Earth Sheltered Homes With Living Roofs

Dan Chiras shares information on earth sheltered homes with living roofs, includes advice on creating a living roof using the correct type of support, waterproofing and proper drainage.

An earth sheltered home buried into a hill of grass.

An earth sheltered home buried into a hill of grass.

PALMI GUDMUNDSSON/NORDIC PHOTOS

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Learn about the eco-friendly idea of earth sheltered homes using living roofs.

Earth Sheltered Homes With Living Roofs

Most of us appreciate a roof over our heads, but don't give a second thought to the roof itself. It's no wonder: We're used to austere metal panels or lifeless asphalt shingles. The roofs of earth sheltered homes, however, can be peppered with a profusion of Indian Paintbrush, Black-Eyed Susans, Sky-Blue Asters or other floral delights, In the summertime, elk come to nibble on the luxuriant grasses that grow on my living roof.

A living roof consists of soil and plants on top of a wooden or steel-reinforced concrete roof. The three most important considerations when designing a living roof are providing adequate support, waterproofing and proper drainage.

Living roofs can be nearly flat, domed or sloping, up to 6 to 8 inches per running foot. To ensure that the substructure, the decking and the roof framing are kept dry, a waterproof membrane must be applied over the decking. Some builders use polyethylene because it is inexpensive and can be doubled over for additional protection. Most builders use more sturdy waterproofing material.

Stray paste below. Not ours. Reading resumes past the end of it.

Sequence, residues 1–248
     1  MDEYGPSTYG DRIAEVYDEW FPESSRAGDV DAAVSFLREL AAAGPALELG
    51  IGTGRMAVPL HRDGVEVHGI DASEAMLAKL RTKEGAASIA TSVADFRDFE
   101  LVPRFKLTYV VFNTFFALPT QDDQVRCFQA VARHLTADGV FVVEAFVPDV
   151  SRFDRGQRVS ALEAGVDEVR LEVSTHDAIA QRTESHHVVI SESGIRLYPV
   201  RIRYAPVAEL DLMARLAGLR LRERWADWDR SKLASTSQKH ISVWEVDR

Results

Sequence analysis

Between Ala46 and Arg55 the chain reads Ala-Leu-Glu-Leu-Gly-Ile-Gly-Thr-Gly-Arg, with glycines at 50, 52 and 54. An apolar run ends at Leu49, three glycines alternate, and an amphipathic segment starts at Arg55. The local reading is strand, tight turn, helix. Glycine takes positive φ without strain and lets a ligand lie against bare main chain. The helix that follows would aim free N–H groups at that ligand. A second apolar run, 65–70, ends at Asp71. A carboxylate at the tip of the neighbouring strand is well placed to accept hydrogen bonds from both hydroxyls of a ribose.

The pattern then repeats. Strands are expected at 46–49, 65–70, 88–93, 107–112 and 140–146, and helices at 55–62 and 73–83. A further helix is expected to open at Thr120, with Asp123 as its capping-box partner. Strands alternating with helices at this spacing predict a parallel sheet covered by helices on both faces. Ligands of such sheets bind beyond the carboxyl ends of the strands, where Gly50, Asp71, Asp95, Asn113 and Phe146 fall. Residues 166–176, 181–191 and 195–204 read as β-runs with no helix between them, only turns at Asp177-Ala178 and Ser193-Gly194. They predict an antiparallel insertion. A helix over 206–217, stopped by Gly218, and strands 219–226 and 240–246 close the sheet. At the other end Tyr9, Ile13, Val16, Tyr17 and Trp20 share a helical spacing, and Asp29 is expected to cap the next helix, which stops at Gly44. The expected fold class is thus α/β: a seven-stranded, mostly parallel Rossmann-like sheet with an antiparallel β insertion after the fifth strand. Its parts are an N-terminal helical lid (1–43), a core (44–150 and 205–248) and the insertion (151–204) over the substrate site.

After the roof is waterproofed, soil is carefully placed over the roof in layers from 6 inches to 9 feet thick, depending on the strength of the underlying roof system. The soil can then be covered with sod that was removed with the excavation of your foundation or grading of your driveway, which greatly accelerates the establishment of a healthy living cover. You can plant the soil with native seeds, which are well-adapted to local soil and weather conditions, and more likely to survive. During the first year, the roof may need to be watered to ensure good seed germination and growth.

Although living roofs are beautiful and functional, you may want to leave a portion of your roof uncovered to house solar hot water or photovoltaic panels. The clerestory design of my house leaves space for both, and also allows me to harvest rainwater.